October 15, 2018 9:13 am

Legal marijuana will open up scientific research: UBC scientist

FILE - In this Sept. 20, 2018, file photo, an employee at a medical marijuana cultivator works on topping a marijuana plant, in Eastlake, Ohio. Voters in Missouri have three competing proposals on the ballot dealing with medical marijuana in the November election. Two would amend the Missouri Constitution; the other would simply change state law. (AP Photo/David Dermer, File)


Legal pot is going to mean a shift in how scientists study cannabis and what they study, according to a UBC researcher with the B.C. Centre for Substance Use.

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M.J. Milloy says strict regulations, similar to those with heroin, have meant studies on marijuana up until now have focused on harm, not the medical benefits.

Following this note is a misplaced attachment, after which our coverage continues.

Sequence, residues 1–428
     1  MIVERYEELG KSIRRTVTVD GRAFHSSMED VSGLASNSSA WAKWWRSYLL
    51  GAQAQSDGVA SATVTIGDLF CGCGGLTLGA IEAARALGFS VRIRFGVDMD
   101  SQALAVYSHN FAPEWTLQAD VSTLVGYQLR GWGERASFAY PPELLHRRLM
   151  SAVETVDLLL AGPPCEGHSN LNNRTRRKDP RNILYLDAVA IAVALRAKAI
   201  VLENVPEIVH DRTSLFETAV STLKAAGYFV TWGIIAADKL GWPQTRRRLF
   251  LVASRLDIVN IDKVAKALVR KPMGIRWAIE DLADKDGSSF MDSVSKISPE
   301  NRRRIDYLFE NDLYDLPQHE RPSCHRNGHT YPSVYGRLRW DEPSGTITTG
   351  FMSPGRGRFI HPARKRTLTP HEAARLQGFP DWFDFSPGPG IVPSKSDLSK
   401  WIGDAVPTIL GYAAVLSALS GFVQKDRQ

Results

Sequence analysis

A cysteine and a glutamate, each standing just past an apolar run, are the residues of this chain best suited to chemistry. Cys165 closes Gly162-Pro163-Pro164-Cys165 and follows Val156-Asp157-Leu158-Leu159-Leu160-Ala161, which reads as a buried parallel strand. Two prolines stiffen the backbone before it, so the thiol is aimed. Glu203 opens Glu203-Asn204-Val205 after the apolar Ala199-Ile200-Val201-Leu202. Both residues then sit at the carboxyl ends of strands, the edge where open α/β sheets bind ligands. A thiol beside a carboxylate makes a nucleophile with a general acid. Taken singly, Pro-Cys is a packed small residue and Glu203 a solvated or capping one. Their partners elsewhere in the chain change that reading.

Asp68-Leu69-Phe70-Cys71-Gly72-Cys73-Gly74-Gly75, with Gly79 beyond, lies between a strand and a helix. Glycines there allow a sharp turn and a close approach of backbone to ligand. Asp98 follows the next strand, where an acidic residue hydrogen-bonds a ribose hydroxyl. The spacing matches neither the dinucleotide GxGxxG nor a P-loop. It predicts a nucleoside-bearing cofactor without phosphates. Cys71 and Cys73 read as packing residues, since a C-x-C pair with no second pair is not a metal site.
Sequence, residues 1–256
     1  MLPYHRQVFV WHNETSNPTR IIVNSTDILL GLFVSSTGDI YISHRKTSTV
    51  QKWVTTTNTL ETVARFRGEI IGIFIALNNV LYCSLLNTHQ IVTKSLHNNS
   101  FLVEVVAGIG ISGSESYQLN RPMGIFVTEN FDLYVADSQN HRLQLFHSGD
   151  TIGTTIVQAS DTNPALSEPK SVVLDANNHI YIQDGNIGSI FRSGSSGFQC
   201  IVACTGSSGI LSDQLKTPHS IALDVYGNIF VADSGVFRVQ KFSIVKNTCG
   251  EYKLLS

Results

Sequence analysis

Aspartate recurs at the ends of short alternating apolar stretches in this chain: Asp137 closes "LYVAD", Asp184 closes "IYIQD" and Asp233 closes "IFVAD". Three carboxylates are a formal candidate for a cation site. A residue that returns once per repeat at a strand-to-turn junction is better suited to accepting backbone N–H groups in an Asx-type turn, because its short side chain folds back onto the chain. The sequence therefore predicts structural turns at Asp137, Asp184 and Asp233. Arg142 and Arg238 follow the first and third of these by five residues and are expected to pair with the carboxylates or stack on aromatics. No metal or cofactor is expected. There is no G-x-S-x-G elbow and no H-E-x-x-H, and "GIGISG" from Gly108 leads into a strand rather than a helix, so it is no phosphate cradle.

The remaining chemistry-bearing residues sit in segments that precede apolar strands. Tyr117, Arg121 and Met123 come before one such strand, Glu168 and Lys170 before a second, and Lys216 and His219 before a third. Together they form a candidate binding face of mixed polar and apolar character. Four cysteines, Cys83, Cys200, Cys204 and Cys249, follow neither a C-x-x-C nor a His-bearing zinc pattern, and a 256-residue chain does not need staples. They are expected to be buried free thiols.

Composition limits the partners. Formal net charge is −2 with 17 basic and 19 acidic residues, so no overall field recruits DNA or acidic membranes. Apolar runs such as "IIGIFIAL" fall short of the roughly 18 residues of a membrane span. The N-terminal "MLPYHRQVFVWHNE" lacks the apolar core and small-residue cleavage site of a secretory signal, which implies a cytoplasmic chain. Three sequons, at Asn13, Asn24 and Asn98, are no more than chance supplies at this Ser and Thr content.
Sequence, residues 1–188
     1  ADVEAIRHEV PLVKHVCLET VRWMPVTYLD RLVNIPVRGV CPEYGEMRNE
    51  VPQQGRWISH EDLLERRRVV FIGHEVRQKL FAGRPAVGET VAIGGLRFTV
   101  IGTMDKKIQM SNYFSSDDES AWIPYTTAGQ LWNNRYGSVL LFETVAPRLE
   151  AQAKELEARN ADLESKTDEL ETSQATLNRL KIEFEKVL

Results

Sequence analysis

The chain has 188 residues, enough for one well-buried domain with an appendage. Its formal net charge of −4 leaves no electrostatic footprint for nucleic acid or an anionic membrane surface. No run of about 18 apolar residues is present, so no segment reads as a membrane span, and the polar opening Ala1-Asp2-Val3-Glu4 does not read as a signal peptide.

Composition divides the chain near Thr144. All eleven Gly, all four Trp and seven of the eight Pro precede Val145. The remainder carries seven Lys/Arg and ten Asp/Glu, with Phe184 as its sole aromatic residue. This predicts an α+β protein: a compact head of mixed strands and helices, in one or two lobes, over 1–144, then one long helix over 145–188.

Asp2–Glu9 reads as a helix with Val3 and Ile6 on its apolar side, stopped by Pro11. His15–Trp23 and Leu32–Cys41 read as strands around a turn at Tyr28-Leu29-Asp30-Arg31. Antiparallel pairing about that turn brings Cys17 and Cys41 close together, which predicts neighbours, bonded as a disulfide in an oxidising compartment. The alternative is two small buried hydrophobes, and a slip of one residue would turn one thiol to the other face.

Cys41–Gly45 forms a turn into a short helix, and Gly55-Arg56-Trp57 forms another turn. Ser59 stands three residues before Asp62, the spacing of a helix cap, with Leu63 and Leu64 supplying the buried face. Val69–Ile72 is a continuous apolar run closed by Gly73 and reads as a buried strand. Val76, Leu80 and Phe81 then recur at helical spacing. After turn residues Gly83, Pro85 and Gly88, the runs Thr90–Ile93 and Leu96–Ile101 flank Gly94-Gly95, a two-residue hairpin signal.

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But, he says with legalization on Wednesday, the federal government is signalling a change in the regulations for studying pot.

“It’s easier to for researchers to grow, to amass and administer cannabis,” Milloy said. “That will be good news not only for people like me in the medical sphere but also my colleagues in botany who are interested in learning more about the cannabis plant and other fields of scientific inquiry.”

READ MORE: Cannabis IQ: What should THC limits be for cops, pilots, doctors, soldiers?

Milloy says researchers are excited.

“The real excitement around legalization is that we’ll finally be able to paint the whole picture of cannabis, not only the possible risks and harms that it presents to people but also the possible benefits.”

© 2018 Global News, a division of Corus Entertainment Inc.

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